2. This is a great post! I feel the same way. It seems like, in our homeschool, there will always be gaps in math. That’s ok! What’s most important to me is my children’s love for the Lord Jesus Christ. All else is vanity…NOTHING!

    Liked by 2 people

  3. I agree with you. Even on the use of social medias. Eventually, they will fully learn to use them on their own. Their act of responsibility, discipline, and respect towards them should be carefully emphasized at their early age. Basic trainings all start from home, and once we brief them and made them aware of the good & the bad it involves, i guess when they’re old enough, it won’t be too difficult for them to figure things out for themselves.

    Liked by 1 person

  4. Unrehearsed, I’d say this to people who throw out the line that we’re forcing religion onto our kids:

    The Gospel isn’t an ism; principle or proposition. It is the person, Jesus Christ, who is very God and very man. It is this someone who in the light of the Covenant, Cross and resurrection, stands as the great something in critique of all isms, human thrones and everything humans do to protect those thrones. Prince over all princes; King over all kings.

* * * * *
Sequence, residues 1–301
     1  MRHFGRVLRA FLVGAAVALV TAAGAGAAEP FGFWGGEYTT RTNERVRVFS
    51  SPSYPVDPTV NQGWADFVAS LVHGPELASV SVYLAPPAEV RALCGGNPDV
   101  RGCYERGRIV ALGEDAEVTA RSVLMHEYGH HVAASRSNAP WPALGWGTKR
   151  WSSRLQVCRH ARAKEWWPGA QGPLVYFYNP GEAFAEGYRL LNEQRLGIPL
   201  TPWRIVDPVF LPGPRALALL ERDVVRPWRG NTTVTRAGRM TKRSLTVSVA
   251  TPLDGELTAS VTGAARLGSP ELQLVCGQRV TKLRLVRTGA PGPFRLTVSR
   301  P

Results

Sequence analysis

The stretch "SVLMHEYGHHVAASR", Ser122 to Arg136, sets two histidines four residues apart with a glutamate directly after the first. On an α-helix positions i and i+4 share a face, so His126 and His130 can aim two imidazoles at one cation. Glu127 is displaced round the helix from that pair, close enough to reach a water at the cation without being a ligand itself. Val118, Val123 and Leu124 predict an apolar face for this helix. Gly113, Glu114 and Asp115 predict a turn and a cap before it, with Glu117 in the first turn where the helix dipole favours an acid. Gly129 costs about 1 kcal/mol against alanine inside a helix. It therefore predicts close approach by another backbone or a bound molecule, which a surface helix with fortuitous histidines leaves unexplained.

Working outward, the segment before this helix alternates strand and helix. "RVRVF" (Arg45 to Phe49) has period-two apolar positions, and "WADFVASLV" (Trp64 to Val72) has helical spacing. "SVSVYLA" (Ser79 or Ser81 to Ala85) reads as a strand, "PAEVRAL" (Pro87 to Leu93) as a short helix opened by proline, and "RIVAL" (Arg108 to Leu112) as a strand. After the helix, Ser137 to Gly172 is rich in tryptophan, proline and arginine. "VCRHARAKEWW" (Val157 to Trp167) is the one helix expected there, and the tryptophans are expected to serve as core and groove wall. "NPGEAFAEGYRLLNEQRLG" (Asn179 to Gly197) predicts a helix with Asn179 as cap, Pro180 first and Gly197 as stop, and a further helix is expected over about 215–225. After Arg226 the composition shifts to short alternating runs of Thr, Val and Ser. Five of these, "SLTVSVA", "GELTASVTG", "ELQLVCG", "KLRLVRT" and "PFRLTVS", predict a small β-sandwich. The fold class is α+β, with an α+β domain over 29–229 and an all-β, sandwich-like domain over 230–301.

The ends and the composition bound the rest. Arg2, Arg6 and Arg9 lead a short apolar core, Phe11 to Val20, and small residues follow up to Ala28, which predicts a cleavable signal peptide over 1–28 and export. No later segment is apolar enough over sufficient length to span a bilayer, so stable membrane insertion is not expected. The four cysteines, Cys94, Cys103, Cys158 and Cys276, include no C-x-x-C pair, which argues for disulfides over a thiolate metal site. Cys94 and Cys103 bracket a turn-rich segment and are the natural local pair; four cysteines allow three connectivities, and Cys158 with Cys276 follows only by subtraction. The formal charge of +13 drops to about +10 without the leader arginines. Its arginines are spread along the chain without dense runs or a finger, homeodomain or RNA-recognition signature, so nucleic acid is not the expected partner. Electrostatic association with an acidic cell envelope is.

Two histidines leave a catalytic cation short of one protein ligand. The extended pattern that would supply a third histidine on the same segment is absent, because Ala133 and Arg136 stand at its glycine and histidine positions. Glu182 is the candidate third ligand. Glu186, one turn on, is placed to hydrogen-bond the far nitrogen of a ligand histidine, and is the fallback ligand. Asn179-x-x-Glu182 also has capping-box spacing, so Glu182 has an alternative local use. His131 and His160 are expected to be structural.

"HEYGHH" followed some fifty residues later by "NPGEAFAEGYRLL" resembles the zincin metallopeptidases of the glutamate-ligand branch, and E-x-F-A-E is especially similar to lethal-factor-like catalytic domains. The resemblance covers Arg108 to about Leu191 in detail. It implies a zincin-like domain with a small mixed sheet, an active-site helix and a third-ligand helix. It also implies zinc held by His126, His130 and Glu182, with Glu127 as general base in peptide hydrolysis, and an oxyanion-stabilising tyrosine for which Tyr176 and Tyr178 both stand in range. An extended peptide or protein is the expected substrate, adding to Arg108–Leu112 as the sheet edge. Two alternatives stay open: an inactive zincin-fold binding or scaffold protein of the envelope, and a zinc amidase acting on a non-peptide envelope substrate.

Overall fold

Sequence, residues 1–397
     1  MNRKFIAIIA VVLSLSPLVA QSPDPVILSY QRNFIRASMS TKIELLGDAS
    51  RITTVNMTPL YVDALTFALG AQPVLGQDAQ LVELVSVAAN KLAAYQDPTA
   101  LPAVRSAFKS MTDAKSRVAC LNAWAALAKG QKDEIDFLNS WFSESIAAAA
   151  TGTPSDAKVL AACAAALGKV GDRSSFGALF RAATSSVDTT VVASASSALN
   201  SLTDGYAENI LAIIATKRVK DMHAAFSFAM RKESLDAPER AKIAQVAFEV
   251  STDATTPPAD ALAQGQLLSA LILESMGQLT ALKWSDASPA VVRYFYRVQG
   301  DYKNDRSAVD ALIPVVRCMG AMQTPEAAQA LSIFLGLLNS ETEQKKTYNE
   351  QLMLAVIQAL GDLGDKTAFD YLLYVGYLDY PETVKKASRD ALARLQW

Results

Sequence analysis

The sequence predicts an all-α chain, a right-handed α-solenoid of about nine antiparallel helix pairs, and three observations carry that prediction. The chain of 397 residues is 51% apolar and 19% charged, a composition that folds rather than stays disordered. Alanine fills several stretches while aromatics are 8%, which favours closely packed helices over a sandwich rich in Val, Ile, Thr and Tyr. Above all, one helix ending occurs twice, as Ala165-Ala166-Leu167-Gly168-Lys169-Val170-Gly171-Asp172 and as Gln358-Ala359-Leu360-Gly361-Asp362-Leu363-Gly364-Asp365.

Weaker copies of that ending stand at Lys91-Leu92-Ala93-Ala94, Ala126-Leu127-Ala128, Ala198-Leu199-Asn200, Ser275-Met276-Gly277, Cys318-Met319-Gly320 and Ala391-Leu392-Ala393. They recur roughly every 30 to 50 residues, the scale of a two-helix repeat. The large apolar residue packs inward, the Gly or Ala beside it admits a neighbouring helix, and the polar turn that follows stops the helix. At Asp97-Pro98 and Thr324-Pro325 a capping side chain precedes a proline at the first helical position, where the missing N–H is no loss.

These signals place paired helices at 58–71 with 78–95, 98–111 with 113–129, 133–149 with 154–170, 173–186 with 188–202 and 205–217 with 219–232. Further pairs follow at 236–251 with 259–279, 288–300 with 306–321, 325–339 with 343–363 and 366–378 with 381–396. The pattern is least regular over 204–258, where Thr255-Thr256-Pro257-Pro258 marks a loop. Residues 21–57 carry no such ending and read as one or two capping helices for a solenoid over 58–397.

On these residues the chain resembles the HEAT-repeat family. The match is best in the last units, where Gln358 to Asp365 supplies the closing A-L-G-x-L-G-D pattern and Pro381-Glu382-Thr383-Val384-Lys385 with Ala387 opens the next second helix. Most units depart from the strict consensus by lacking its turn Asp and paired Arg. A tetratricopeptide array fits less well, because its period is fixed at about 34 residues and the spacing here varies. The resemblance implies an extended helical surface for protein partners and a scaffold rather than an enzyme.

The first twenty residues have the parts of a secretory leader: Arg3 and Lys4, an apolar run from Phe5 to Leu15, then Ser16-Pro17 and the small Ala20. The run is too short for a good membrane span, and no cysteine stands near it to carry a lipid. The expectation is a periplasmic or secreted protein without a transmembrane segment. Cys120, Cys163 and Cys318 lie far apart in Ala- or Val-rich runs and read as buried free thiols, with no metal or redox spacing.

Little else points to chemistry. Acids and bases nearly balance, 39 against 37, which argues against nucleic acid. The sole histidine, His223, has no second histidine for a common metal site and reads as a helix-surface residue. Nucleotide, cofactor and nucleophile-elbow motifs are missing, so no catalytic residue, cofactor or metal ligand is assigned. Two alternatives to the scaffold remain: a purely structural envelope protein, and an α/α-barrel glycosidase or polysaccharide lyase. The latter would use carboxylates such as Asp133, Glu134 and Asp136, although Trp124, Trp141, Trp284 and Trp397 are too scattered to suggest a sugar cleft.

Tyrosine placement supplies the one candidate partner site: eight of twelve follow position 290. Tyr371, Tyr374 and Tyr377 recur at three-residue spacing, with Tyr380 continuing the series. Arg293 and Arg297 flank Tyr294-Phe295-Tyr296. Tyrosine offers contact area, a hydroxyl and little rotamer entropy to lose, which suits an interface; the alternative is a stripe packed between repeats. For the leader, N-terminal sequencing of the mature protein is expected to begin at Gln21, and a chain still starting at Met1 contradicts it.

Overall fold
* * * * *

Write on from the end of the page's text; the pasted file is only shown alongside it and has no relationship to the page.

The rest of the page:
Teaching children theology, for Christians, is about sharing with them, Good News, quite often alongside the bad we read about in the papers. It’s a response that begins with the proclamation of the Gospel. Why wouldn’t I share with them good news if I had some to share? Why wouldn’t I share with them my excitement over what God has done in my own life and with it, so far, against direct conflict, betrayals

    Faith seeks understanding. Grounded in Covenant and Christ, this forms the essence of our approach to homeschooling and it’s from there that we hope our kids will engage with critical thought, shaping their own approach to learning, serving and being.

    Liked by 3 people

  5. I’m familiar with the knowledge gap hypothesis… I believe that is what you are discussing?

    Sherlock Holmes had his “attic space” theory of knowledge, so gaps are certainly not a new idea. 🙂

    The gap I don’t want to leave unfilled is the desire for my children to always love, and want, to learn – that will help fill any gaps I leave. 🙂

    Liked by 2 people

  6. It’s important to discuss the idea of “worldview.” I think some people are unaware that they even have a worldview and how much it affects everything they do. Give your child the proper, loving, Godly worldview along with the love of learning and skills to find quality information; then they will be set on a great path in life!

    Liked by 1 person

  7. Thanks for your post. I too worry about gaps in my children’s education, especially in their knowledge of the Word. But upon thinking about it further I came to one conclusion I want my children to know. If they should realize their knowledge is lacking in any area they just have to remember that in this day and age nothing is inaccessible. There really is nothing to fear. If they need to know it later and they didn’t know it yet then they can learn it later. And with God nothing is impossible!

    Liked by 1 person

  8. Pingback: Ooops, Guess I Forgot to Teach That | A Homeschool Mom